Header Image: 
Excited people watching our Jupiter Planetarium show at the Hall

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Search the Sky

Videos brought to you by the Lawrence Planetarium at UC Berkeley, hosted by John Erickson the Director of the Planetarium. Click play to view.

The Audience is Part of the Program

The staff of the Lawrence Hall of Science Planetarium have developed an international reputation as leaders in the design of audience-participation planetarium programs. Over 55 million people have explored the skies through planetarium programs developed here at the Hall and offered at 220+ planetariums nationwide.

The Planetarium is the proving ground for the Planetarium Activities for Student Success (PASS) project, which develops, tests, and disseminates audience-participation programs to planetariums worldwide.

State of the Art Viewing!

Experience our all-digital projection system and Digitarium Epsilon fulldome video projector, with the option of running either the Digitalis Edition of Stellarium or DigitalSky2 from Sky-Skan, Inc. Fulldome video allows images, video clips, and other visuals to be seen anywhere on the dome. Visitors can see the sky from anywhere and any time on Earth, but we can also even "leave" Earth and "fly" throughout the Solar System and throughout the Universe!

The setup of the Planetarium includes:

  • Digitarium Epsilon projector capable of running Nightshade or DigitalSky 2
  • 9-meter (30-foot) negative-pressure Geodesic Pacific Dome
  • 50-person capacity in two rows of bench seats with reclined backs, with wheelchair access
  • Sound system by Pro Home systems, using Meyer Sound components

Just as they have since our first Planetarium was constructed in 1973 (with a GOTO Mercury opto-mechanical star projector), all of our programs continue to be completely live and interactive, so that activities and your questions are part of the program.


View the stars and more after-hours from the Plaza of the Hall.

Uncle Al’s Star Wheels

Make and use your own Uncle Al’s Hands-On Universe Star Wheels and have a working star map for anytime of night, any month.

Astronomy Events and Products

Our experienced educators have teamed up with space scientists at UC Berkeley, NASA, and beyond to create a variety of exciting and effective space sciences products.

More fun Astronomy-Related Events

Astronomy-Related Products

Space Sciences Curricula

How Big Is the Universe

You know that the Solar System is big. Is a galaxy bigger? How much bigger? How do astronomers measure how big and how far away the Moon or a star or a galaxy is? We will actively explore these questions, and we’ll take a tour from Earth to the farthest edge of the observable Universe.

Imagine the Sky Tonight

What stars can you see in the sky this time of year? What shapes and stories can you imagine among them? We will give you a star map and teach you to find constellations, the starry patterns of the night sky. We might also find planets, star clusters, and other hidden treasures of the night sky. We will even imagine that we are flying away from Earth to make observations from far off in space.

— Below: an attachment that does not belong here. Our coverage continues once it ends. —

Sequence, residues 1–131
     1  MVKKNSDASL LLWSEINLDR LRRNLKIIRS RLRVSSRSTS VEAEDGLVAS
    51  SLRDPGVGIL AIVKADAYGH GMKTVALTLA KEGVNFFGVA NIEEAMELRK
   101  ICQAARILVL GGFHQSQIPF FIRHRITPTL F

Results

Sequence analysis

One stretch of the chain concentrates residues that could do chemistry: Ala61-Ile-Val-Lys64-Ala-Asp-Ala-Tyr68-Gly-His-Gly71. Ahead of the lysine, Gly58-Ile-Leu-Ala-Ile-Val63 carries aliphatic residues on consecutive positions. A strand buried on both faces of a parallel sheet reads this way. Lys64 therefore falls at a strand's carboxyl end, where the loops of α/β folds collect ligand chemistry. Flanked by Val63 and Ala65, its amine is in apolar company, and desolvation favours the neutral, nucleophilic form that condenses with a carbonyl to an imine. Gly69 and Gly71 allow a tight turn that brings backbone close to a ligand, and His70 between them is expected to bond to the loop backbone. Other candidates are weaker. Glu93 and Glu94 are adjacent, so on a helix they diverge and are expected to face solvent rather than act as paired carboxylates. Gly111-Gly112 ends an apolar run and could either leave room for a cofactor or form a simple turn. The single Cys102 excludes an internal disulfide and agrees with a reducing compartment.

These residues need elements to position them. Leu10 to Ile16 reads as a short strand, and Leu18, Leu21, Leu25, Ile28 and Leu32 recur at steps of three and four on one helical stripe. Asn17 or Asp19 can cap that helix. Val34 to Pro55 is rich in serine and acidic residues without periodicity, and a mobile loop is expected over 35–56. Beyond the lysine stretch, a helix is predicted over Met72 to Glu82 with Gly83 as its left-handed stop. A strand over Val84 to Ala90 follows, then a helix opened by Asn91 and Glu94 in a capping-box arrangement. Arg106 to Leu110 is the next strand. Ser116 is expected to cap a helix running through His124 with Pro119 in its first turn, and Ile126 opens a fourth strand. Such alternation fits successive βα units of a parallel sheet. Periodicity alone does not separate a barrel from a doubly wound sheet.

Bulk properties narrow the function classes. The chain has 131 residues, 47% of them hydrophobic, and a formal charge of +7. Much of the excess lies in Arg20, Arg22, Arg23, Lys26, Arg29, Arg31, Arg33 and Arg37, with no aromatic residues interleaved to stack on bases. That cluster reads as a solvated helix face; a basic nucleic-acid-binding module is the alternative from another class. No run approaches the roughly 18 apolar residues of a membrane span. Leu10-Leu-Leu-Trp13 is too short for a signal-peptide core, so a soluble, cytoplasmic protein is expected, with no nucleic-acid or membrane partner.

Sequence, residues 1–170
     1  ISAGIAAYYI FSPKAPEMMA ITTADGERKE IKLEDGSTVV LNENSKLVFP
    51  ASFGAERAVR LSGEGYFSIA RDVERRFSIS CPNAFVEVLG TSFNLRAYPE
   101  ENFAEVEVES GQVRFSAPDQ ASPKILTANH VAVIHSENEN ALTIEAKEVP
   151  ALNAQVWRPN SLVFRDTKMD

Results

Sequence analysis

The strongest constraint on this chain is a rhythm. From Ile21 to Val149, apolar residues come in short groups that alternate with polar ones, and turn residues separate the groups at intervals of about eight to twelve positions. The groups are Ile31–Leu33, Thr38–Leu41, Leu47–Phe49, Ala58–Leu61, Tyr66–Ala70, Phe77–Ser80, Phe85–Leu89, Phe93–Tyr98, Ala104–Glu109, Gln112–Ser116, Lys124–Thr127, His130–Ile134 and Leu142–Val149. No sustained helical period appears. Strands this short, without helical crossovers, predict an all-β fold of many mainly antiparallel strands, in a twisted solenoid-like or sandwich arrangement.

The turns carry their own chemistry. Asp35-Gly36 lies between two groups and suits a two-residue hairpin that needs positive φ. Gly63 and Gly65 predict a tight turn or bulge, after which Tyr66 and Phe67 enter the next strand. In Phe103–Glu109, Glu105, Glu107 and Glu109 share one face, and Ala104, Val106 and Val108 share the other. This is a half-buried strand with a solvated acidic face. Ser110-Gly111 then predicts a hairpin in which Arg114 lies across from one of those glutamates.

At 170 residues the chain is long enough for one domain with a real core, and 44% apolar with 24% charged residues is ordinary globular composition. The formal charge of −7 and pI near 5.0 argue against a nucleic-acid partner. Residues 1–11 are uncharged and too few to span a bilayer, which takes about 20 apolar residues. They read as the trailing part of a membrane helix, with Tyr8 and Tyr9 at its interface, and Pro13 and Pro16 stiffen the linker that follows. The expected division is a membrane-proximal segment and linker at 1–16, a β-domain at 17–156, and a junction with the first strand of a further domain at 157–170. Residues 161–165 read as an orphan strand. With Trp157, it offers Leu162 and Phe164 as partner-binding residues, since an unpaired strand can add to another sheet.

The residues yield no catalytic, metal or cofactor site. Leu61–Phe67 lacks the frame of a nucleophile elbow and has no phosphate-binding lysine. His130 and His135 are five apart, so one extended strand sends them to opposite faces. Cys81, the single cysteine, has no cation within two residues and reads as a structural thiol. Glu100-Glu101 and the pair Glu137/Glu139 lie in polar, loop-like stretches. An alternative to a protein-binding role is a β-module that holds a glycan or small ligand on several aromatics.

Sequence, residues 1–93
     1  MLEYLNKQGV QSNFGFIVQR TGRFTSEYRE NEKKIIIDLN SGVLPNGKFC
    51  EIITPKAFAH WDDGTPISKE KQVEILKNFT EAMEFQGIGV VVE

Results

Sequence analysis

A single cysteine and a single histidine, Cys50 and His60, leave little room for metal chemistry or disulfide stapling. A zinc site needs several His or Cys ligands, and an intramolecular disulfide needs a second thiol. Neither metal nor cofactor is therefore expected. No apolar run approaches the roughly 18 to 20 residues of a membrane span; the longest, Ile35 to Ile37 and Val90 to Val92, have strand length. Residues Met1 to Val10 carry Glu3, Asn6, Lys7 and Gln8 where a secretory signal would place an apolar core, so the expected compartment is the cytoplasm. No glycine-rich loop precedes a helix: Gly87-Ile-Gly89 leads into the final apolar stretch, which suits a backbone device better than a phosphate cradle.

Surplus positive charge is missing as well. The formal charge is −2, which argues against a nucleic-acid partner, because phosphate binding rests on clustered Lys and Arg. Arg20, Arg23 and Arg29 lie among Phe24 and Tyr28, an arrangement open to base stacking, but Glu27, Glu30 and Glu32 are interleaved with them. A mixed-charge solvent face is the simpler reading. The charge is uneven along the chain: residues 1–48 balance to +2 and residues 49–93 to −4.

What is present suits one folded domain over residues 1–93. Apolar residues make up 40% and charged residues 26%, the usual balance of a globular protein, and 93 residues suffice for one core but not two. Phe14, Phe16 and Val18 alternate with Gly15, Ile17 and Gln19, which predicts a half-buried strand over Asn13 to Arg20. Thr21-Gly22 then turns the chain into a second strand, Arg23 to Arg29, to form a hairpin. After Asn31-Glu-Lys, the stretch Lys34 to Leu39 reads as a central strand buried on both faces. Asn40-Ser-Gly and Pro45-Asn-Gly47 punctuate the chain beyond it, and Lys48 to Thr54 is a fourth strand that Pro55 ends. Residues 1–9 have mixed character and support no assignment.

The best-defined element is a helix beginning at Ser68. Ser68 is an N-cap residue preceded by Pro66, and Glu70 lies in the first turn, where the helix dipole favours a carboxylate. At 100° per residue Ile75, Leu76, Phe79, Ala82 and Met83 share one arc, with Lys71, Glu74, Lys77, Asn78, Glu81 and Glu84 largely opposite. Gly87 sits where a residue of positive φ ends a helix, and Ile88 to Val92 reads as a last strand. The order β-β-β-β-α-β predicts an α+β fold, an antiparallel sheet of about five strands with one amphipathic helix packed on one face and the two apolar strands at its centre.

The Search for Another Earth

The Lawrence Hall of Science and the SETI Institute are the lead education and public outreach institutions for the NASA Kepler Mission, which has confirmed almost 1,000 planets outside the Solar System, with thousands more awaiting confirmation! You can access information about the mission's planetary discoveries through the Hall's Planetarium shows, school curricula, and activities, as well as in materials on the NASA Kepler Mission's education website.

Kepler Mission Photo courtesy of nasa.gov

The primary Kepler Mission was to find Earth-size planets orbiting other stars in the “habitable zones" of stars—where liquid water, and maybe even life, could exist. The mission has been wildly successful, with several hundred planets discovered, many of them about Earth-size, and many in their stars’ habitable zones, though few with both qualities.

After four years of collecting data from stars in one specific area of the sky, the Kepler spacecraft lost the function of two “reaction wheels” necessary for precisely pointing the Kepler Space Telescope at the target region. The telescope itself is perfectly functional. Kepler engineers and scientists figured out a clever way, using the two remaining reaction wheels, to point the telescope at targets along the band of sky known as the ecliptic, which is where Sun’s orbit appears in the sky. So in May 2014, a new mission, called K2, began that still searches for planets, star clusters, variable stars, and even galaxies.

The Hall's Planetarium now features two new short shows: Searching for Other Earths (about how Kepler discovers planets) and What's in Your Zodiac Sign? (about the new Kepler K2 Mission). Learn about these shows in “Now Showing”" section above.

Kepler's New Universe Video

More Resources:

Kepler Exoplanet Transit Hunt

Kepler Exoplanet Transit Hunt

Kepler Exoplanet Transit Hunt lets you discover a planet by the “transit method” like what the NASA Kepler Mission used: watching a star and hunting for the tiny drops in brightness that happen when the planet passes (transits) in front it! How many properties of the planet do you think you can know just from a few minuscule dips in brightness?

Download the Kepler Exoplanet Transit Hunt (SWF ZIP, 2.4 MB)
This is a downloadable flash file and may not work with mobile operating systems.